With a paternal smile, Bill gave Tommy's shoulder another affectionate pat. He knew the path of young love was rarely a smooth one, but he had every confidence that, with time and guidance, this bright-eyed lad would grow into a fine young man worthy of winning a fine young woman's love.
N Gauge Discussion / Re: Old Farish's small wheel r...
Last post by Platy767 - June 18, 2024, 01:13:04 PM
Quote from: Le Night ferry on June 18, 2024, 09:54:09 AMIs it for driving wheel, not for bogie?

No. These are bogie wheels. I have about 20 of them. They are about 6mm diameter.
My understanding was they were supplied by the late Mike Bryant, hence MBM, to the N Gauge Society. I have some of his wagon wheels with 8 spokes on axles for PECO and Farish wagons, but I use them on my kits.

I purchased sufficient bogie wheels to do kits for 2-6-4T, 4-6-2T, 4-4-0 and 0-6-4 locos.
N Gauge Discussion / Re: A Coarse Guide to the Stea...
Last post by martyn - June 18, 2024, 12:26:24 PM
Thanks again, John.

Possibly anticipating part of your posts, if the crown sheet mentioned above was exposed due to low water level for any reason, then there was serious risk of distortion or even collapse, resulting in an explosion.

To counter this, a lead fusible plug was placed in the crown sheet which would melt and thus allow the water in the boiler to partly douse the fire and warn the crew-who may have had difficulty getting off the footplate if the loco was at speed!

Richard Hardy, when shedmaster at Kings Lynn (I think) tells of going into a firebox when the loco was still in steam to cure a weeping plug; this was strictly forbidden, I think, but the alternative was cancelling a train.



Just looked it up; he was at South Lynn (ex M+GN), and it was one of his boilermakers who went into the firebox to effect the repair.

General Discussion / June 2024 MRH
Last post by Jon898 - June 18, 2024, 12:21:37 PM
N Gauge Discussion / Re: N Gauge Wheel Sets
Last post by njee20 - June 18, 2024, 11:58:44 AM
I think price is relevant too (certainly is for me). I find the Farish wheel sets fine, but they're fairly expensive. I suspect yours will be 'gold standard' which is great, but I'm too tight!
N Gauge Discussion / Re: A Coarse Guide to the Stea...
Last post by Train Waiting - June 18, 2024, 11:37:52 AM
A Coarse Guide to the Steam Locomotive for 'N' Gauge Modellers - Part 19

Hello Chums

Righty-oh, after the pause to state the obvious, on with the series and thank you very much for all those lovely, kind posts.

I have described the Belpaire firebox in its simplest form, effectively a squarish inner firebox inside a larger squarish outer firebox.  I think the ex-Midland '4F' 0-6-0 shows this arrangement well, with the large flat sides of its outer firebox cladding sheets.

But not all Belpaire fireboxes are created equal and I suggest you have a close look at the one on a large Great Western Railway design-influenced locomotive to observe the complex shapes originated by Mr Churchward and employed later, with detail variations, by others.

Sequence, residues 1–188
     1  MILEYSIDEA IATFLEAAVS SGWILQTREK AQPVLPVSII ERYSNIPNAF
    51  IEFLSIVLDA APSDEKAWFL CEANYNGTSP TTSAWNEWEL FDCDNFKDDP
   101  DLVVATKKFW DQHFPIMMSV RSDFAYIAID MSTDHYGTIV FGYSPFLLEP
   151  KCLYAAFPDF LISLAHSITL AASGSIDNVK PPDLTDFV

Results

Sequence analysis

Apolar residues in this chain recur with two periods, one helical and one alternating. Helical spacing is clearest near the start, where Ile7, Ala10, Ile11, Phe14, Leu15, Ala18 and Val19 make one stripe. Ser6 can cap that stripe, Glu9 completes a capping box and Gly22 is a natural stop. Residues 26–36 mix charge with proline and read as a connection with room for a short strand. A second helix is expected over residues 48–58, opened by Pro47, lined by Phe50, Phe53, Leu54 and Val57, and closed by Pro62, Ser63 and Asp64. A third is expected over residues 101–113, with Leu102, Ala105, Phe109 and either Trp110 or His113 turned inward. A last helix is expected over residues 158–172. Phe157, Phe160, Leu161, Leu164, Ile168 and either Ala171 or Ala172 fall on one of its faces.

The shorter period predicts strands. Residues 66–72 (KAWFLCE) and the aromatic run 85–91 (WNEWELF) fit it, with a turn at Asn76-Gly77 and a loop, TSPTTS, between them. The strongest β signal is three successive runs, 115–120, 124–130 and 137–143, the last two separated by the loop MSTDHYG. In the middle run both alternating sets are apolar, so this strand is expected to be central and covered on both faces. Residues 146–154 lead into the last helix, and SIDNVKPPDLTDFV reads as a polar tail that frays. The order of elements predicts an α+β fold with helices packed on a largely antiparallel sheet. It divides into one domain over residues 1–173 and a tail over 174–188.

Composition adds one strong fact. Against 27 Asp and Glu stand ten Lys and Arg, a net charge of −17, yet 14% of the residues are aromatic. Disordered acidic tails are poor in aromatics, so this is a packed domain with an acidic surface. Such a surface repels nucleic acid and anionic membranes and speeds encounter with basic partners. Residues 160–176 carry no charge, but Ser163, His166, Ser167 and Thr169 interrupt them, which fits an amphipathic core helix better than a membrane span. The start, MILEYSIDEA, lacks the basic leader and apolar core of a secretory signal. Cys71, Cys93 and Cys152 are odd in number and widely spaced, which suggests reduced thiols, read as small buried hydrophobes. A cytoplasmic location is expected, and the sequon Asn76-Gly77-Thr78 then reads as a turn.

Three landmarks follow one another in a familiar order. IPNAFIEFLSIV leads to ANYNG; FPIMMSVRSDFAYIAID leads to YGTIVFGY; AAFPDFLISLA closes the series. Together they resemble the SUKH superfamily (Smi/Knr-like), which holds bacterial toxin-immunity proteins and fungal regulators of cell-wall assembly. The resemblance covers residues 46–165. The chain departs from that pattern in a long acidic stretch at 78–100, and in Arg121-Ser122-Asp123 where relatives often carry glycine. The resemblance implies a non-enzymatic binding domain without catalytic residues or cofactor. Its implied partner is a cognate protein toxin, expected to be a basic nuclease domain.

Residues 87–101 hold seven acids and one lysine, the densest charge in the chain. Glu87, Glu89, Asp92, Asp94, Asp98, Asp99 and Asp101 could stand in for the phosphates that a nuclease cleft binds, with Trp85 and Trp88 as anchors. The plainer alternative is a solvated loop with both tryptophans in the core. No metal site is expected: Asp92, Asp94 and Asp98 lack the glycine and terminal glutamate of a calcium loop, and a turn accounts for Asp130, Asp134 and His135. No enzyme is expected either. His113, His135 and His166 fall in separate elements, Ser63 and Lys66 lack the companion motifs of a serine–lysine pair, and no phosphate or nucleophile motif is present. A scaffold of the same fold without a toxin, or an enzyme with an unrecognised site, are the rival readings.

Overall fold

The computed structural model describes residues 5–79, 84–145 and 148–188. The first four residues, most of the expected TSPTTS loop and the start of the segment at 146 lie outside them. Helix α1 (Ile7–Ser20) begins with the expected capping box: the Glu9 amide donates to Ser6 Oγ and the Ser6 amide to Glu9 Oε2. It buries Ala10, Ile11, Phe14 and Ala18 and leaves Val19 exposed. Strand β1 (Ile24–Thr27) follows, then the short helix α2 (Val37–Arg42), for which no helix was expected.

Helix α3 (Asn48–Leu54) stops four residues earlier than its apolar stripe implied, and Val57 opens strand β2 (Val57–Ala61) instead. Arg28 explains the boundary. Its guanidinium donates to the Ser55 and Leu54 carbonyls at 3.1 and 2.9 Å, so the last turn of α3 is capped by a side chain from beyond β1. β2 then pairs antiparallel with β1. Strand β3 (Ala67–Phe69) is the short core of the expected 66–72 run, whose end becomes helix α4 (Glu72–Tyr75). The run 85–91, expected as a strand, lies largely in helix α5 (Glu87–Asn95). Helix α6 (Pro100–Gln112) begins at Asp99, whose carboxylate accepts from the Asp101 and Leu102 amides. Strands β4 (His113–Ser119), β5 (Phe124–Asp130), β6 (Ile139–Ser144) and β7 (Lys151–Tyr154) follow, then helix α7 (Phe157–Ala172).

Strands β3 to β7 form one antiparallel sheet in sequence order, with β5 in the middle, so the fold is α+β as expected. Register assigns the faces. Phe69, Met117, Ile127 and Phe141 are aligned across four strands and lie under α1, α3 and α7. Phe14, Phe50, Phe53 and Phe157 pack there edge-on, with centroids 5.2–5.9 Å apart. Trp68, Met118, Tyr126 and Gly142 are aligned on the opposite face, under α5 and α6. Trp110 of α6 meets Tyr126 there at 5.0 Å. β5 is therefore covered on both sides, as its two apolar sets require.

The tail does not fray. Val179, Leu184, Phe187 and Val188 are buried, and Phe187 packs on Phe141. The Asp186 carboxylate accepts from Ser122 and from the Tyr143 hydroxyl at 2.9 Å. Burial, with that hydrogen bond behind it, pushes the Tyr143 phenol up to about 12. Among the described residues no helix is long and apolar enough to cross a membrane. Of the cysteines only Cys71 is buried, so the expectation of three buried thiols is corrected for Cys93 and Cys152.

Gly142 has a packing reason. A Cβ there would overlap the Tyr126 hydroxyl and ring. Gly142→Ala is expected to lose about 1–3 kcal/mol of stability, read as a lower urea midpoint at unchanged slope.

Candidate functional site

The side plates have gentle curves to permit free circulation of water around the inner firebox.  The firebox also tapers from the front to the back which permits wider cab front windows.  Finally, the firebox top slopes down from front to rear, which greatly reduces the risk of the rear of the crown sheet being exposed when the water in the boiler runs forward during braking.  Mr Churchward mentioned this last feature during a discussion on a paper entitled American Locomotive Practice at a meeting of the Institution of Civil Engineers (ICE) on 31 March, 1903.  I thought it would be a wizard wheeze to see the great man's words, spoken over 120 years ago:

"[...] the sloping top to the firebox is practically a necessity in such long boilers as are now used with 4-4-2 or 4-6-0 engines, and especially with the 2-6-2.  A boiler is now obtained with a 15 ft. or 16 ft. barrel, and perhaps a 9 ft. box.  When the brake is applied, the water in these long boilers runs to the front end to such an extent that the back of the roof-sheet is quite uncovered; and by dropping the back of the roof of the box 3 in., the benefit of 3 in. of water is obtained when the brake is applied."1

Mention of American locomotive practice reminds us that Mr Churchward was much influenced by this, as was another British locomotive engineer, whose contribution we will discuss in the next postington in the series.

1  Mr Churchward's comments at the meeting were recorded by the ICE and published at the time.  Mr HAV Bulleid reproduced extracts in his Master Builders of Steam, Ian Allan, London, 1963.  A splendid book, written by a locomotive engineer.  The book's preface is by Sir William Stanier, HG Ivatt (the author's uncle) and OVS Bulleid (the author's father). 


A note on the picturinghams.

'4F' 0-6-0 No. 4232 is an old ProperlyPoole Graham farish model and I think she captures well the look of the prototype.

'Castle' 4-6-0 No. 5051 Earl Bathurst (sometimes Drysllwyn Castle, her name in 1936-37, prior to renaming) is a Great Western Society locomotive.  She was photographed at Toddington on a sunny day.

'N' Gauge is Such Fun!

Many thanks for looking and all best wishes.